As I write this, magical little helper elves are furiously working to format the finished text of “The Adventures of Little Red Bear– The First Holler!” Preparing the collection of short story adventures for publication, fitting it into all the whatsits and whatnots for Amazon, while also designing a cover. But soon they will be finished and it will be ready to publish.

And there’s the dilemma– What genre to list the book in? What age groups might be interested in reading a novel length collection of short stories about a bear in the woods? How to categorize it? Basically– which virtual shelf to put it on so potentially interested folks may find it?

Reading- Boy in Bookcase

To be honest, I have no idea at present where to go with this. Apparently my writing muse doesn’t either, because she is being totally silent on the matter.

“The Adventures of Little Bear” stories were not written for or towards any target market or group in particular, probably breaking rule number one of the “Writing for Success” guidelines. But I don’t lose any sleep over that, because I make no secret about not following anyone else’s “rules.” And I’m too old to be overly concerned with building a “long term following and career.” Whatever.

I wrote the stories that were in my head as the characters revealed them to me because it was fun. It’s what I would rather be doing than most anything else right now. Who might be interested in them, what “target markets” or “demographics” never entered into it or influenced anything.

“Ready.      Fire!      Aim.”

As the stories turned out, they are probably not really wee kiddie type stories, certainly not on a “See Spot run” level. For comparison, Little Red Bear is about as close to Winnie the Pooh as a Grizzly Bear is to a Hedgehog. Not sure middle grade children would be interested, focusing more on becoming teens and such. As for young adults, probably no way to distract from fantasy and paranormal genres, lacking a heavy dose of either in the stories, and having no werewolves, walking dead or dragons either.

Suggested keywords to be included in descriptions in the Children’s Categories include such notable buzzers as sword, sorcery, magic, dragon, quest, adventure, detective, action, sleuth, spy, terrorist (believe it or not), secret agent, superhero, extraterrestrial, and time travel. The closest Little Red Bear comes to any of those is maybe an “Action Adventure Superhero”. In a bearskin. In the backwoods. Is there a category for that?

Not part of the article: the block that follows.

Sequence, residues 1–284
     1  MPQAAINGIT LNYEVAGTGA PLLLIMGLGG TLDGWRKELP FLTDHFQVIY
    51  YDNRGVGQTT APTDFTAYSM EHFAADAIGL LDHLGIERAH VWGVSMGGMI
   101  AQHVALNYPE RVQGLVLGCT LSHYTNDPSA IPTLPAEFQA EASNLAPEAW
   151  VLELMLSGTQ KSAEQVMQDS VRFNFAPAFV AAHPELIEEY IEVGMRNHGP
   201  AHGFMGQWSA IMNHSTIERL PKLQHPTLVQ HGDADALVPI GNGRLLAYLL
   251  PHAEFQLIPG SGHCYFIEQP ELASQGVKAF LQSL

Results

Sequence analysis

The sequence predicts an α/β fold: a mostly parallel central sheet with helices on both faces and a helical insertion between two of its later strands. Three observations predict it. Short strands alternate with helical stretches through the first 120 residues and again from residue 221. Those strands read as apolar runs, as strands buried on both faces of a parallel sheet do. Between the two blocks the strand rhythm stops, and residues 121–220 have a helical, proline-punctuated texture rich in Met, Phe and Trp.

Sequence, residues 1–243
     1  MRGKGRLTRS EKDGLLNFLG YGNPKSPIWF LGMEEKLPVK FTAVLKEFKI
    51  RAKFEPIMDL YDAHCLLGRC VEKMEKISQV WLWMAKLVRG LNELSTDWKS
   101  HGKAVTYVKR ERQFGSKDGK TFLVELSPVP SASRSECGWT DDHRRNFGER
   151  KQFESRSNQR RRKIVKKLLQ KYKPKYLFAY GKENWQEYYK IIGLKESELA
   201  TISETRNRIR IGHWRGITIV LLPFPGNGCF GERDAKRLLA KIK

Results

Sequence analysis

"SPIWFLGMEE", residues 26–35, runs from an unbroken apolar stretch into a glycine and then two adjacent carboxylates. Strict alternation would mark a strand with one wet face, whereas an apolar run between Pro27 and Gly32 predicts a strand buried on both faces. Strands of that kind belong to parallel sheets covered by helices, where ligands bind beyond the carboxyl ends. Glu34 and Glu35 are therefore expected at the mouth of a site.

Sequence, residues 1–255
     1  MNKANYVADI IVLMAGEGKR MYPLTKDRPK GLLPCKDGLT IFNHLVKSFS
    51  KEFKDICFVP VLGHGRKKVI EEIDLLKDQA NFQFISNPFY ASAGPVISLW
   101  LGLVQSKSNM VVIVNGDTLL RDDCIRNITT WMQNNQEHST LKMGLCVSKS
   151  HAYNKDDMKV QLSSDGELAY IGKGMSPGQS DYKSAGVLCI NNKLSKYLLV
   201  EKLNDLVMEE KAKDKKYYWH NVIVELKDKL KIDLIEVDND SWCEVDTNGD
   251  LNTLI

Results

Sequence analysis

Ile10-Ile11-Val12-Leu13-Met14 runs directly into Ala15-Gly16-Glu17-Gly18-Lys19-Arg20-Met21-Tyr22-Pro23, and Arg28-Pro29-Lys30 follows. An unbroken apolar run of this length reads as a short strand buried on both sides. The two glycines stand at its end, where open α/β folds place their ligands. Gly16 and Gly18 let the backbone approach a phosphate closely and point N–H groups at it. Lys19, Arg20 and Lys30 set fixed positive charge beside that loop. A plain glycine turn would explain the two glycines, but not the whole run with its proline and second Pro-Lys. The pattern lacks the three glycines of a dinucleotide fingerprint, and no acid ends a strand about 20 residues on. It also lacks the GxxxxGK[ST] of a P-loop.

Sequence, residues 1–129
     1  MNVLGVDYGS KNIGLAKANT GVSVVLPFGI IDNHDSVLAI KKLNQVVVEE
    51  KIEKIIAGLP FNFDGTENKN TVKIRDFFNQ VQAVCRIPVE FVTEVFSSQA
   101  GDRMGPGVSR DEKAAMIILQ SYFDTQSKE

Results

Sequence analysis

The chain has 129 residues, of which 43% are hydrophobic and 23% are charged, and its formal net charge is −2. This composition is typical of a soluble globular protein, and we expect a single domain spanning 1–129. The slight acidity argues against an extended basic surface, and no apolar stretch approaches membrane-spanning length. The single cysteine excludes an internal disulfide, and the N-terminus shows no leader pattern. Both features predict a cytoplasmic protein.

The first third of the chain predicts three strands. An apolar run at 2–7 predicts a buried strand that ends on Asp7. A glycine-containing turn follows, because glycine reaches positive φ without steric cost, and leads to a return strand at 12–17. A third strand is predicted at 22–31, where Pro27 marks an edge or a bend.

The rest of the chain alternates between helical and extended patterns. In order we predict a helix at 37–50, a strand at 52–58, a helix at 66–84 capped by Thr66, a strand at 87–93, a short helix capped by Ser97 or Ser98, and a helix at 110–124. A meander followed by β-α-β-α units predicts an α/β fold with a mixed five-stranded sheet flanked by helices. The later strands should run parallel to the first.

Bear- Peek a Boo- Pinterest

And that’s just talking about the Children’s age group. How then to also classify it? It’s not exactly a true-to-life “Nature” story book, featuring a fictional bear and characters. It’s much more fiction and made up than “Historical.” It is kind of “Action/Adventure”, but it features a backwoods bear, not Jason Bourne, Indiana Jones or Ironman.

The stories are set roughly in the early 1900’s, but not truly correct enough or concerned with historical details to be considered a “Period” piece. We are working on a story involving petty larceny for the next collection, but there is none of that tomfoolery or goings-on in the first set of stories so they do not fit “Crime Drama”.

The stories are set in the scenic Ozarks Mountain Country, but feature way too many made-up names and locations to be considered for the “Travel” or “Geography” categories. There is a good deal of useful nature information presented, but talking animals immediately kick it out of the “Science” category.

The word “love” is mentioned exactly once in over 65,000 words, so it surely cannot be considered a “Romance” work. And there’s no way a backwoods bear will compete with spicy Romance literature set amidst exotic locales to command attention from the romance seekers, anyway.

“Erotic?”     Mmmm —  No.

To the best I recall, there is no mention whatever about stars, the universe, aliens or time travel. So “Science Fiction” is off the list as well. There are some weak attempts at humor, but not the main focus or enough to qualify the stories as a “Comedy.”

So you can see the dilemma— where to list “The Adventures of Little Red Bear” when it is ready for release soon? The stories are simply about an uncommonly special bear and his friends in the backwoods mountain country. Boring themes like kindness, sharing, being good neighbors and appreciating the wildflowers, nature and such. Is that the stuff of “Superheroes?”

Maybe we just invented a new genre—“Fun Stories About Nothing In Particular”—but really don’t think I have enough sway with the Amazon folks to bring that about. Perhaps J. R. R. Tolkien or George R. R. Martin could. I am merely James R. Milson. Maybe I should consider adding another “R.” for a bit more literary clout.